The Supreme Court then proceeded to consider whether this doctrine of relation back could be applied when the claim made by the adopted son related not to the estate of his adoptive father but of the collateral, and held that the reason behind the rule that there should be continuity in line did not warrant its extension to collaterals, that with reference to the properties inherited from collaterals, the governing principle was that inheritance could never be in abeyance and that once it devolved on a person who was the nearest heir under the law, it was thereafter not liable to be divested. The following propositions may, therefore, be said to have been established by the decision of the Supreme Court in : [1955]1SCR1 (1) The doctrine of relation back applies only when the claim made by the adopted son relates to the estate of his adoptive father. (2) The doctrine is not applicable to the estate of collaterals. (3) The estate of collaterals is governed by the principles that inheritance can never be in abeyance and once it devolves on a person who is the nearest heir under the law, it is thereafter not liable to be divested.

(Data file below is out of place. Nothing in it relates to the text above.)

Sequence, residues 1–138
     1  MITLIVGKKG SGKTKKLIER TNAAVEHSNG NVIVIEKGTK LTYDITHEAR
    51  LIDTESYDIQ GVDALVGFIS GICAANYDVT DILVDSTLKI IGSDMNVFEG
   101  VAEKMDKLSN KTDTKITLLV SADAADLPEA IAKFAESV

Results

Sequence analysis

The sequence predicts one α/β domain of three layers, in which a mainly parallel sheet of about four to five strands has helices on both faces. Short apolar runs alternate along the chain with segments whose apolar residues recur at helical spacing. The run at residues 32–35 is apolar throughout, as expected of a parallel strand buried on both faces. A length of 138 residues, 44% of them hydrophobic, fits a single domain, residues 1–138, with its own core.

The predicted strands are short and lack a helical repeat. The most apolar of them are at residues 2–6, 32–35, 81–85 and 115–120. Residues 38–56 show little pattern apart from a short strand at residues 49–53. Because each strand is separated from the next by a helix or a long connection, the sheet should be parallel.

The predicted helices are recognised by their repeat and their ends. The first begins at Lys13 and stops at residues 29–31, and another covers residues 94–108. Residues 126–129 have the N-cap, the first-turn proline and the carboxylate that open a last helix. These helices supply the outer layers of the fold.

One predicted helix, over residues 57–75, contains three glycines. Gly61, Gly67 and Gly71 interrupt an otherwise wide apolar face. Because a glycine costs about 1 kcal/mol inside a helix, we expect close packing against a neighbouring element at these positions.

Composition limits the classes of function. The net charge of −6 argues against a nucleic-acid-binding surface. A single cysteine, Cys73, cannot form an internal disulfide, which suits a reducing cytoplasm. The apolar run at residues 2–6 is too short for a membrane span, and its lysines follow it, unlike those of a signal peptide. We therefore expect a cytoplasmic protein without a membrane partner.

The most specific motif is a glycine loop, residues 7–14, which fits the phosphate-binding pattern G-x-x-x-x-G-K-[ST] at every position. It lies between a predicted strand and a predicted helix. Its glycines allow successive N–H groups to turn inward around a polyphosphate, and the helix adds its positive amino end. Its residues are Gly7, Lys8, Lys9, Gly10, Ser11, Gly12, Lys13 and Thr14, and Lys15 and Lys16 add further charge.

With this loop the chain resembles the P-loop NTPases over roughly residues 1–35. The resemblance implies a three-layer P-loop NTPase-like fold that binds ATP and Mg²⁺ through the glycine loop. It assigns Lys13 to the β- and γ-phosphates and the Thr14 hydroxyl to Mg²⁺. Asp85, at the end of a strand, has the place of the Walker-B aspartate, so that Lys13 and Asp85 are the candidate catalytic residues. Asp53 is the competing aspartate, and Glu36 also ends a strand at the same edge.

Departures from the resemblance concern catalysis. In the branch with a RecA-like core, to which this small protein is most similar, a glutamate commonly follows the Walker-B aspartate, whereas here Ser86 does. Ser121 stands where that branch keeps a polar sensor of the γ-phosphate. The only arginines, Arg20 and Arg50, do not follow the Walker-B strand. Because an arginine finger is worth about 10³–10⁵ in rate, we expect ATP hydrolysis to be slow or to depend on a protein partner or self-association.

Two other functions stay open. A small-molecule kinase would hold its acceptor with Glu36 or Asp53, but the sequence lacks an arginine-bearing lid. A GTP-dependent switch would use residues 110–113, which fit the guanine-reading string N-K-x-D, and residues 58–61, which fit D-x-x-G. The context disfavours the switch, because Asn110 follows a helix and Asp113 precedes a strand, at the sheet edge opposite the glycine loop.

Now, in this case, no question of a claim to the estate of a collateral arises. The plaintiffs claim is governed by the 1st proposition mentionedabove, and has to be decided with reference to it.That proposition does not support the argumenton behalf of the appellants that on the death ofthe sole coparcener, the coparcenery came to anend and the estate devolved as his absolute estateupon his widow, the 1st defendant, by inheritance,so that the plaintiff, by reason of his adoption, couldmake no claim to it. This is because as held in and explained by the Supreme Court in : [1955]1SCR1 , the estate of Ramaswami Iyer, thelast surviving coparcener, which devolved upon hiswidow by inheritance, would continue in her handsunchanged in its character as coparcenery property,so long as she or Janaki lived. As observed by SirGeorge Rankin in Anant's case :

'But in his lifetime adoption by the widow of a collateral coparcener would have divested him of part of his interest and the same right to adopt subsisting after his death must, in their Lordships' view, have qualified the interest which would pass by inheritance from him.'

That being the case, the rights of the plaintiff as an adopted son of the predeceased coparcener, namely, Venkatasubrahmanyan, would be related back and be precisely the same as his adoptive father had at his death. What those rights are may well be put again in the words of the Privy Council in Anant's case :